- Set up a series of pilot days and invite different classes or student groups to participate. Get feedback from students and teachers and use that to refine your process.
- Pay attention to what students eat or don’t eat — and why.
- ⚠️ Note: If you haven’t already, check to see if your school qualifies for the Community Eligibility Provision, which allows schools to provide free breakfast and lunch to ALL students rather than just those who fill out school meal applications. It’s working in thousands of schools across the country!
Make your program known! Have students implement a breakfast marketing program like this one that was started by a school in Michigan.
Who Can Help
You are not in this alone. There are many people who can help make this Play a success, especially your school nutrition professionals. Meet with them first to talk about the three different breakfast ideas and which one seems the most “doable” in your school. Here’s a list of who can help with this Play and some specific ways they can do that.
School Nutrition Professionals
- Help with strategy and nutritious food selection
- Prepare breakfast foods and supervise volunteers
- Provide guidance to students on choosing foods that create a reimbursable meal
- Approve plan and location/breakfast type chosen
- Encourage support from with teachers and custodians
- Encourage student participation
- Support breakfast option and encourage participation
- Help create an efficient clean-up system for whichever program you choose
- Encourage peers to participate
- Create posters promoting the new breakfast program
- Work with school administers to promote the new breakfast program during morning announcements
- Encourage student participation
- Donate materials and/or funds for a breakfast delivery system (kiosks or carts, insulated bags, wagons, etc., depending on breakfast choice)
School Transportation Personnel
- Encourage students to participate as they get off the bus
As with any game that’s worth playing and winning, you are bound to run into challenges. That's why getting help from others is so important. You’ll be more likely to achieve your goals when everyone works together.
Share this video to help explain how helpful it can be for all students to eat a nutritious school breakfast:
To help students start thinking about school breakfast and to help you get started with shorter activities, try some of these ideas:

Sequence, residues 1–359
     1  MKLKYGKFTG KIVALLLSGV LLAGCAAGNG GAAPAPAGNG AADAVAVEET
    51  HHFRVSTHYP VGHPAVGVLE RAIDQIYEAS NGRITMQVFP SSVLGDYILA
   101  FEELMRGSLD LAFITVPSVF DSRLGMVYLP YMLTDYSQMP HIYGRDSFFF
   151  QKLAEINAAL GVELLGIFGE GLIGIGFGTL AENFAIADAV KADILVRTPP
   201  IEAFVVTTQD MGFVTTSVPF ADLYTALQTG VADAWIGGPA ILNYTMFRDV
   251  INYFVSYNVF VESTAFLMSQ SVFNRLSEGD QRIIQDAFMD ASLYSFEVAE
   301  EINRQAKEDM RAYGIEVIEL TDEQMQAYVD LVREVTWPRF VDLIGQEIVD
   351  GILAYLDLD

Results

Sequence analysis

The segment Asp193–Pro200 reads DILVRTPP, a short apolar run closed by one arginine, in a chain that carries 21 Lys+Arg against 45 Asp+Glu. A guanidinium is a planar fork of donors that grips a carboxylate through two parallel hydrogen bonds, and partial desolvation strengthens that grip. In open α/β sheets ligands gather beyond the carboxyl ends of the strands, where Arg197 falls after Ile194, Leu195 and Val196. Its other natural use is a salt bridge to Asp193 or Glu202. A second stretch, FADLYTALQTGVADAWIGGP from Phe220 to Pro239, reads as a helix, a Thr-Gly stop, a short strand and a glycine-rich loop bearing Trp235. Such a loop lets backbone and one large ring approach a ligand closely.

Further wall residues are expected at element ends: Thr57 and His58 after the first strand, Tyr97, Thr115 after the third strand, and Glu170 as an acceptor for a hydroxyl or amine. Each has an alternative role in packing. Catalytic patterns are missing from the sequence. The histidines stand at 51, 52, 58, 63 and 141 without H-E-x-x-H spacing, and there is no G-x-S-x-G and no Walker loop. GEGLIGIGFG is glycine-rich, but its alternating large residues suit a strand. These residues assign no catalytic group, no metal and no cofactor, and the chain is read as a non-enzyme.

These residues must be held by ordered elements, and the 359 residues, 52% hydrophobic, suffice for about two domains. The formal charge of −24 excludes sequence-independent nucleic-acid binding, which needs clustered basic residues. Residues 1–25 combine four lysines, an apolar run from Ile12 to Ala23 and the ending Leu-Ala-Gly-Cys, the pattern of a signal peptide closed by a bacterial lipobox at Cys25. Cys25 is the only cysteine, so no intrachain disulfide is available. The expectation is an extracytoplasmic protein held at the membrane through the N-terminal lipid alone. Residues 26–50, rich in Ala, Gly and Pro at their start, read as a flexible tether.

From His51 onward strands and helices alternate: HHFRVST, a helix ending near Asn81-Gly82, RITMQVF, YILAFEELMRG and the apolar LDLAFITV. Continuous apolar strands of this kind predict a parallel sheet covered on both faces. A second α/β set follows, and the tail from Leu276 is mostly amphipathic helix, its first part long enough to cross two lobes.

- If you have or can get a salad bar setup, use it to plan a breakfast bar so students can sample different food options and rate them to see which might be added to the regular menu. This will help get the whole school excited about the menu because all the students can help choose it.
- Work with your school nutrition director to see how protein options can be included on the breakfast bar, like milk, yogurt, hard-boiled eggs and cheese.
- If you don’t have a salad bar setup, use some other part of the cafeteria meals line and consider applying for funds to get one!
Consider polling students about what they would grab on the go or eat in the classroom, or simply test a few ideas to see what works.
Create posters highlighting your program and the importance of eating a nutritious breakfast. Display them in high traffic areas, such as hallways, cafeterias and classrooms.
Send information home to parents or attend a PTA/PTO meeting to explain your breakfast program. Remember to mention the cost, location, benefits and menu options so parents and family members can spread the word when they go home.
This section features ideas on ways to involve everyone in your school and community. Think about ideas for differentiating between older and younger students and ways to bring in the family connection.
Build student leadership opportunities. As much as possible, have students do the planning and run your programs.
For Older Students
- Look into the possibility of students earning service learning hours.
- Consider starting a “breakfast entrepreneurs’ club” so students can be empowered to build a business model for their school’s alternative breakfast service.
For All Students
- Have student volunteers work with your school nutrition professionals to host a one-time breakfast event in the school cafeteria. Check out this tip sheet and video that can help you make the connection between students and the nutrition team.
- Invite students, parents and community members to gather suggestions for alternative breakfast.
- Plan a video presentation (perhaps using videos in this Play) to get people engaged and show them how alternative breakfast service can work.
Put students in the driver’s seat as much as possible. They’ll learn valuable life lessons on how to plan and implement programs, and they’ll feel great about helping their school!
- Provide input on breakfast ideas and service options.
- Suggest grab-and-go locations or help create them.
- Talk to local businesses and parents to get their help with food, wagons or other serving equipment donations.
- Create posters highlighting the importance of a nutritious breakfast.
Homefield Advantage: Check out this resource and share it with parents and caretakers so they can see what they can do to help at home and at school.
- National Dairy Council: Breakfast Recipes and Resources
- FRAC and AFT: Breakfast Blueprint – Breakfast After the Bell Programs Support Learning
- USDA Community Eligibility Provision Resource Center
- Share our Strength: Hunger in Our Schools: Report 2017
- NEA Healthy Futures and Share our Strength: A Guide to Increasing School Breakfast Participation
- Food Research and Action Center: School Breakfast Program Resources